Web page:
Donovan Introduces Bill to Bolster Country's Cybersecurity Defenses
Washington, DC—June 14, 2016....Congressman Dan Donovan (NY-11) today introduced the Cyber Preparedness Act to make common-sense adjustments to the country’s cybersecurity procedures. The bill uses ideas proposed at a May cybersecurity hearing chaired by Donovan to improve information sharing between federal, state, and local authorities and to allow homeland security grants to be used for cybersecurity.
Congressman Donovan said, “Information sharing and adjustments to grant rules might sound mundane, but defending against cyber-attack requires attention to every detail. The tweaks made in my bill come directly from expert testimony at a hearing last month, and they’ll have a meaningful impact on cyber defenses.”
In the years following the September 11, 2001 terror attacks, state and urban law enforcement agencies established “fusion centers” in coordination with the Department of Homeland Security. Fusion centers are physical workplaces that bring together federal, state, and local agencies to share counterterrorism intelligence and information. The law enforcement community has praised fusion centers for helping close the counterterrorism communication gap that existed before 9/11.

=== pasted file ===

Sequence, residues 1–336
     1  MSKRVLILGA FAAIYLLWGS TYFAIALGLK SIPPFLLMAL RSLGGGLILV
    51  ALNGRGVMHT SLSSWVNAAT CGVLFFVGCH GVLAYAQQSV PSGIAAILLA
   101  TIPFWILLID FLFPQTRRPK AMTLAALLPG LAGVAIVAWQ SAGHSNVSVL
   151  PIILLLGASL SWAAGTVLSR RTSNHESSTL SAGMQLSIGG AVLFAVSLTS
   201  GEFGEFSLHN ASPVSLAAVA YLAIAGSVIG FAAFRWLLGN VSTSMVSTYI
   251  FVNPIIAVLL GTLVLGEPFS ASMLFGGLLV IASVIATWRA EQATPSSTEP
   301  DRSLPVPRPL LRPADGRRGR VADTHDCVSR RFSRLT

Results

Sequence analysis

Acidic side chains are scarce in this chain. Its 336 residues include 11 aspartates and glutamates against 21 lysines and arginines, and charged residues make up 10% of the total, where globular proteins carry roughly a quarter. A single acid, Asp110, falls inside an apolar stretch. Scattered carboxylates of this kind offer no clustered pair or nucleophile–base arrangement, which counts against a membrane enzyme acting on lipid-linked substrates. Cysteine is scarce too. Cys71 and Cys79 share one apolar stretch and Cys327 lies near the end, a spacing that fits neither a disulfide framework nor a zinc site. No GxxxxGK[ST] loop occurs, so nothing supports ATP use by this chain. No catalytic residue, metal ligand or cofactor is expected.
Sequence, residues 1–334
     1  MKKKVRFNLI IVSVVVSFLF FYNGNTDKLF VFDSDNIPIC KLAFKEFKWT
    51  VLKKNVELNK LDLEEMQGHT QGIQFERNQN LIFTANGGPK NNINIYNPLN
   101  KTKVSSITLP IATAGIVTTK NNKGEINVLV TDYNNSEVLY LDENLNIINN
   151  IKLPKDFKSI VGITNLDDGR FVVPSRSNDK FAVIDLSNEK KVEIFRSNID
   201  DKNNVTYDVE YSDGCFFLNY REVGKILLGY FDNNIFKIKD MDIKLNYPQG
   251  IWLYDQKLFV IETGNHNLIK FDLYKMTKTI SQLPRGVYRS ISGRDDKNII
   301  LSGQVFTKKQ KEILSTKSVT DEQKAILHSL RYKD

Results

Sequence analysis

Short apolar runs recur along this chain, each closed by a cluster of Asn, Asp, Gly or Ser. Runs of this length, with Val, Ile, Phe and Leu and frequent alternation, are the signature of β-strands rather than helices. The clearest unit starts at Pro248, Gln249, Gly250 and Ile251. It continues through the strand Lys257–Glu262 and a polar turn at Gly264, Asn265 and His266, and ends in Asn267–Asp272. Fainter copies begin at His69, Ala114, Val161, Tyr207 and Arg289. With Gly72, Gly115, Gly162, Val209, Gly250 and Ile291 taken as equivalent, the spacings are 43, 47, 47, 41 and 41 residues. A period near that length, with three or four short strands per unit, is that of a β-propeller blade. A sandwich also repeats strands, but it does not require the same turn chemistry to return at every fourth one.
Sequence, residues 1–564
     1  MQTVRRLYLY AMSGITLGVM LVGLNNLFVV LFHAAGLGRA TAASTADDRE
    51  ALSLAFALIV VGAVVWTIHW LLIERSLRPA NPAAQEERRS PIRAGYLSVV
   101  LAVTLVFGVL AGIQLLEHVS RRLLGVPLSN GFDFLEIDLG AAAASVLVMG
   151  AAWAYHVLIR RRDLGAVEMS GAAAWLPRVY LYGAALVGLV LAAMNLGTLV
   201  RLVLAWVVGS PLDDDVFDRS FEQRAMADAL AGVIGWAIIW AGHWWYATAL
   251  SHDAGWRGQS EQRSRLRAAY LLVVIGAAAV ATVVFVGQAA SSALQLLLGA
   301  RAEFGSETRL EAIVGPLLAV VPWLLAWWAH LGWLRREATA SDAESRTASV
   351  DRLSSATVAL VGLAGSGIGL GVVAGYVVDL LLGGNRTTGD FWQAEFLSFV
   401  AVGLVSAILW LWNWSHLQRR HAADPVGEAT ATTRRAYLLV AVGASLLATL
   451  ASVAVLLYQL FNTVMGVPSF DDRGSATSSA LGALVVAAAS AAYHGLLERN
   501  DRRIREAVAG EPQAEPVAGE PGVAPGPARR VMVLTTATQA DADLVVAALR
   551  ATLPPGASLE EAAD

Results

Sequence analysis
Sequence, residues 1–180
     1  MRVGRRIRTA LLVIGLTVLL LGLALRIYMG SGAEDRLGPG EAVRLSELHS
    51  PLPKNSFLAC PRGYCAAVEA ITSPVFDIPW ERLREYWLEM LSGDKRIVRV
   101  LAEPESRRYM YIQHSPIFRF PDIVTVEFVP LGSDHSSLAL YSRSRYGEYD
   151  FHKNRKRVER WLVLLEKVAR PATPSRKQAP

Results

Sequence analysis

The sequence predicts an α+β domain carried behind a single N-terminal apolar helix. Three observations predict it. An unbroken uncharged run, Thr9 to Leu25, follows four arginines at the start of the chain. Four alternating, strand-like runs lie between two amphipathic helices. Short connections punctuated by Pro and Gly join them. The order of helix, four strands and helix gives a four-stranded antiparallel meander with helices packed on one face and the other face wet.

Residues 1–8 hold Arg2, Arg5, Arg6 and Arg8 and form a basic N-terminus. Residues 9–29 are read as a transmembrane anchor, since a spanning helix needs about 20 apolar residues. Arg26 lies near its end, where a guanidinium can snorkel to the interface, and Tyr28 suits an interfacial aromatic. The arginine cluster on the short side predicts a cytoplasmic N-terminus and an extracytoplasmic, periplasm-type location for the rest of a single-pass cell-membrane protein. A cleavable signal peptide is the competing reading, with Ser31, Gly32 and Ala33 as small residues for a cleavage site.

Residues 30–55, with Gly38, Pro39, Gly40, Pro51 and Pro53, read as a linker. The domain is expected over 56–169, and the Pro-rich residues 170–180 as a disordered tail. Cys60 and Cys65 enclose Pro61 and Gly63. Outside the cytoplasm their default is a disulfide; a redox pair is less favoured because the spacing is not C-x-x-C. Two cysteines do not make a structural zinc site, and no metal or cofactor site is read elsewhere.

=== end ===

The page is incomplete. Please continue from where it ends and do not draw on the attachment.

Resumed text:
Still, state and local law enforcement agencies sometimes do not receive current information from federal authorities about cyber threats, defensive measures, or best practices. In testimony at the May cybersecurity hearing, Lt. Colonel Daniel J. Cooney, Assistant Deputy Superintendent for the New York State Police Office of Counterterrorism, suggested that federal cybersecurity intelligence is not shared with state and urban fusion centers as quickly as counterterror information is shared.
The Department of Homeland Security operates the National Cybersecurity and Communications Integration Center (NCCIC) to share information among federal agencies. The Cyber Preparedness Act would allow representatives from state and urban fusion centers to operate out of NCCIC. This would foster improved and more efficient information sharing.
The bill also clarifies that homeland security grants can be used to fund state and local cybersecurity initiatives.